Clean transportation coming to the city famous for waterfalls and marble rocks as e-rickshaws charge with solar power through a Smart City Mission pilot
ABB India is providing critical technology through its solar inverters for solar powered charging stations for e-rickshaws at four locations in Jabalpur. As the sun hits the solar panels at the charging station, generating the direct current (DC) energy, the ABB inverters convert that power to the alternating current (AC) used in charging the e-rickshaws. The solar powered charging stations are part of a renewable energy project initiated by the Jabalpur Smart City Corporation. The solar panels are also connected to the state grid to feed in additional power generated through net metering. The ABB inverters come with Wifi connectivity for remote monitoring and centralized billing provisions in the future.
Jabalpur currently has 400 licensed e-rickshaws plying in the city. This pilot project is an endeavor to provide these e-rickshaws with renewable-energy-powered charging stations. The ultimate aim is to also convert the 5,000 diesel-run city rickshaws to a cleaner, greener mode of propulsion, reducing carbon emissions in transportation and bringing down pollution levels in the city. Currently, conventional rickshaws emit at least 46 tons of CO2 per day in the city. This project is one of the first of its kind in the country, demonstrating green generation and green usage. The solar powered charging stations, capable of generating 50 kilowatts of electricity, take between 7 to 8 hours for a full recharge, enabling the vehicle to travel 100 to 150 kilometers.
“We are privileged to partner Jabalpur’s journey in pollution-free and environment-friendly transportation with ABB’s market-leading charging technology for these e-rickshaws. Such pilots are key to creating a wider eco-system of clean energy generation and consumption and realizing India’s vision of 175 GW of renewable energy by 2022,” said Sanjeev Sharma Managing Director, ABB India. “It is an important step that this project has been included as part of the Smart City Mission, as this will aid faster deployment of such technology and also ultimately different modes of EVs and charging infrastructure can be explored with the required urban planning and development,” he added.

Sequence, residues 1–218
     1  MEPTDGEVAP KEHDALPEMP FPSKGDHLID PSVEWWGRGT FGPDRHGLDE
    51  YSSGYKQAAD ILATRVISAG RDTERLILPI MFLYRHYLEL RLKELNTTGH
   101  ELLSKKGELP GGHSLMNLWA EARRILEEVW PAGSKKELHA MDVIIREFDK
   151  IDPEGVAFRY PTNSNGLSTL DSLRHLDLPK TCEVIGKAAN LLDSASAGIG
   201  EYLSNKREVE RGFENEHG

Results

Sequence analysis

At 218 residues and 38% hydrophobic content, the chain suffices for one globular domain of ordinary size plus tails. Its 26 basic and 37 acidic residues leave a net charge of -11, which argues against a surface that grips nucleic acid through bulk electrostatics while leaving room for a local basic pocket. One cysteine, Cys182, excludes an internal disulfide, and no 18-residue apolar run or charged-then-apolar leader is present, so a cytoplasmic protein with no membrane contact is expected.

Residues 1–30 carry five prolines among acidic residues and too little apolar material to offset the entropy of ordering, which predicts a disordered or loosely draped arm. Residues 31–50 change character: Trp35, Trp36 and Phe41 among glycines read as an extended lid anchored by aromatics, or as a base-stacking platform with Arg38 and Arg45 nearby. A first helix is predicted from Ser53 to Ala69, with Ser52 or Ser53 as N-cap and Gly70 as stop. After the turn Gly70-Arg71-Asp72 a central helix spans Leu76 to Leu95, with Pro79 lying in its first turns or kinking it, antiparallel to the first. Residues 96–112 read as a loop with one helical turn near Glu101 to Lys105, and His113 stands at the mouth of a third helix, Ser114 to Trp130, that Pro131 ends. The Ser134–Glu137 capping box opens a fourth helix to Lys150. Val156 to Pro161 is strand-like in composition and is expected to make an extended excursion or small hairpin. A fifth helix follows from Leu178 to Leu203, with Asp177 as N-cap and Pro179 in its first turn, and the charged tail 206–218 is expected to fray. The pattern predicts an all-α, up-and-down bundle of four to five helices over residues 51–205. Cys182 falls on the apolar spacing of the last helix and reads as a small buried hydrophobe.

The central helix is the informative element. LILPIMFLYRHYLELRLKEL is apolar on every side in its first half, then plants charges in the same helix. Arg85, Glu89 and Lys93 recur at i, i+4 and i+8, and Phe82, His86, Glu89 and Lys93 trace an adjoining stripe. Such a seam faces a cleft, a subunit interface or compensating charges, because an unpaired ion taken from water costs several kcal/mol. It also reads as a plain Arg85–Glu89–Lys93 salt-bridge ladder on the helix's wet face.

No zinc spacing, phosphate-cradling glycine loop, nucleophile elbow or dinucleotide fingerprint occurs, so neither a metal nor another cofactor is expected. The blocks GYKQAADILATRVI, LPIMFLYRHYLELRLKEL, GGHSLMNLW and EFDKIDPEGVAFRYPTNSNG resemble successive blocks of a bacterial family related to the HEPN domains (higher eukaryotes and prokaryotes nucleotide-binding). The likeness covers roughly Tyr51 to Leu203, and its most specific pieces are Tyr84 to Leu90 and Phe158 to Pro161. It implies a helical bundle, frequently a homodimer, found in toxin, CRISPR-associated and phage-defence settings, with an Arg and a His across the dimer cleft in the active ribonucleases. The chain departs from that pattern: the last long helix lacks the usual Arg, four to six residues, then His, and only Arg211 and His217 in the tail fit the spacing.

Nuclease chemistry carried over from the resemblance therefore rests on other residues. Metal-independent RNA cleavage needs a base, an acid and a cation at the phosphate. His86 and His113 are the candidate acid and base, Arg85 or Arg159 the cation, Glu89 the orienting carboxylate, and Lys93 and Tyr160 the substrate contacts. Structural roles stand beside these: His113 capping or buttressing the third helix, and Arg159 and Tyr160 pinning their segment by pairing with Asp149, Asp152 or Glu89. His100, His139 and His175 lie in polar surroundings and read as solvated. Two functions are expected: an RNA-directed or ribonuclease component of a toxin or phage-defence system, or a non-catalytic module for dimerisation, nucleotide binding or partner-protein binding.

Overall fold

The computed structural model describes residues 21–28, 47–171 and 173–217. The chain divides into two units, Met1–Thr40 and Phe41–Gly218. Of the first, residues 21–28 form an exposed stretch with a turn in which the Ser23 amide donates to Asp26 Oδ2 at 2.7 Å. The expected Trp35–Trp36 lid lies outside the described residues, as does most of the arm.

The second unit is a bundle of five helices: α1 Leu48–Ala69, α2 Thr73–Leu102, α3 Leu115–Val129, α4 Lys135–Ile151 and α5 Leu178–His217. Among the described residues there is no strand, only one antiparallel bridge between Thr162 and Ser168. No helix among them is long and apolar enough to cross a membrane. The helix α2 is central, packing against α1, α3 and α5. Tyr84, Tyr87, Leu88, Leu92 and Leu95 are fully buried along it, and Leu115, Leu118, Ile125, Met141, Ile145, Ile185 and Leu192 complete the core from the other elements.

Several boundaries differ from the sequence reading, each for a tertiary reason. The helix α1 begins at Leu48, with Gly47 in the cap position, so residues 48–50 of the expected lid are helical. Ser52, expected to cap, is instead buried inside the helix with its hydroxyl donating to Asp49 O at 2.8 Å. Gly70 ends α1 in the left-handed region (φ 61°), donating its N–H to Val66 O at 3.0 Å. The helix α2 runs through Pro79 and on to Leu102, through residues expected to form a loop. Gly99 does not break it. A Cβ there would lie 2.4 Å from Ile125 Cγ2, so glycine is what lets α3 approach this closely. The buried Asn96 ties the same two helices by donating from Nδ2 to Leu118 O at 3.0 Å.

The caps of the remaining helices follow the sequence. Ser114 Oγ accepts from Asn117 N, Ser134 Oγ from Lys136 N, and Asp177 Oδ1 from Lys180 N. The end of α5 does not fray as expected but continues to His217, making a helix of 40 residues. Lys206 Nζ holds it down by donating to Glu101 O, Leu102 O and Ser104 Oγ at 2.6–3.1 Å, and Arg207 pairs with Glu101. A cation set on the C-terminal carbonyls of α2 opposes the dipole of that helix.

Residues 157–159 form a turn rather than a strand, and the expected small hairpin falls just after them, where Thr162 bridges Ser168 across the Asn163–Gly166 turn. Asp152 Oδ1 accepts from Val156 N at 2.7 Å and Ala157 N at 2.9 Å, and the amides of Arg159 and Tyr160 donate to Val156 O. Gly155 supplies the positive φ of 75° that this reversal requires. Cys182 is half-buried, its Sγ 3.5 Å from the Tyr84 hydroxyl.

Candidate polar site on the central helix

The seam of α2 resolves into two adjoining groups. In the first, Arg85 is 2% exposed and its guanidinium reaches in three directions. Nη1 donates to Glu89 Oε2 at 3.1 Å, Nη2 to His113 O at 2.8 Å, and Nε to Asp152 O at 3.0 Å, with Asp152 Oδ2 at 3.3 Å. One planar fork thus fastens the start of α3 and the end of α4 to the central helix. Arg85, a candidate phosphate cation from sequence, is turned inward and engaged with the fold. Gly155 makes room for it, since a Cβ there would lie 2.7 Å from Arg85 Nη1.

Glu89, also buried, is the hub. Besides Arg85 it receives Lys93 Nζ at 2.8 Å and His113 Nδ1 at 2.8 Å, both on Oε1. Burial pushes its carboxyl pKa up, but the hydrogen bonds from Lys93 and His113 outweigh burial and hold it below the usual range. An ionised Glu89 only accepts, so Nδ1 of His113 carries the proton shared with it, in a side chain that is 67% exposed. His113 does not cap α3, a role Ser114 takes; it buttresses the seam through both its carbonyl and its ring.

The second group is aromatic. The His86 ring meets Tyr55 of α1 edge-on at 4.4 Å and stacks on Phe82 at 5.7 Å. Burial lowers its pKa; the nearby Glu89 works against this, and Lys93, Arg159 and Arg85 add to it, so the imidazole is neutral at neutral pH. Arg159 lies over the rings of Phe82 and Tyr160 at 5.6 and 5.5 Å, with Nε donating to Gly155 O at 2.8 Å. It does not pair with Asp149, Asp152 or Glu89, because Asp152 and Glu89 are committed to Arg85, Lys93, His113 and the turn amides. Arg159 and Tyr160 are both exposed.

“We are creating renewable-based infrastructure for the e-rickshaws at nine locations throughout the city. For this project we generate solar power, some of which is fed back to the grid,” said Sachin Vishvakarma, CEO, Jabalpur City Transport Services Ltd.
Most rickshaws in the country run on diesel or compressed natural gas (CNG) transitioning to electric ones. The former contribute to local pollution, while the latter require grid-connected electricity, which is not always reliable. Solar-powered charging stations will contribute to the overall transition to green transportation and bring about last-mile connectivity sooner.
These solar e-rickshaws are part of the country’s larger ambitious program of going all electric in transportation by 2030. India is one of the signatories to the Paris Climate Agreement and programs like these taken up on a larger scale will also contribute to maintaining the Agreement targets of reducing carbon emission intensity by up to 35 percent from 2005 levels and 40 percent of India’s energy being generated from non-fossil fuel sources. India imports over 80 percent of its crude-oil requirements, a figure that is projected to double to around $300 billion by 2030.
The Indian government is likely to float bulk procurement tenders for three-wheeler electric rickshaws on the same model as the government’s Unnat Jyoti by Affordable LEDs for All (Ujala) scheme, where LED lamps are procured in large numbers through competitive bidding and distributed through an agency to bring down costs.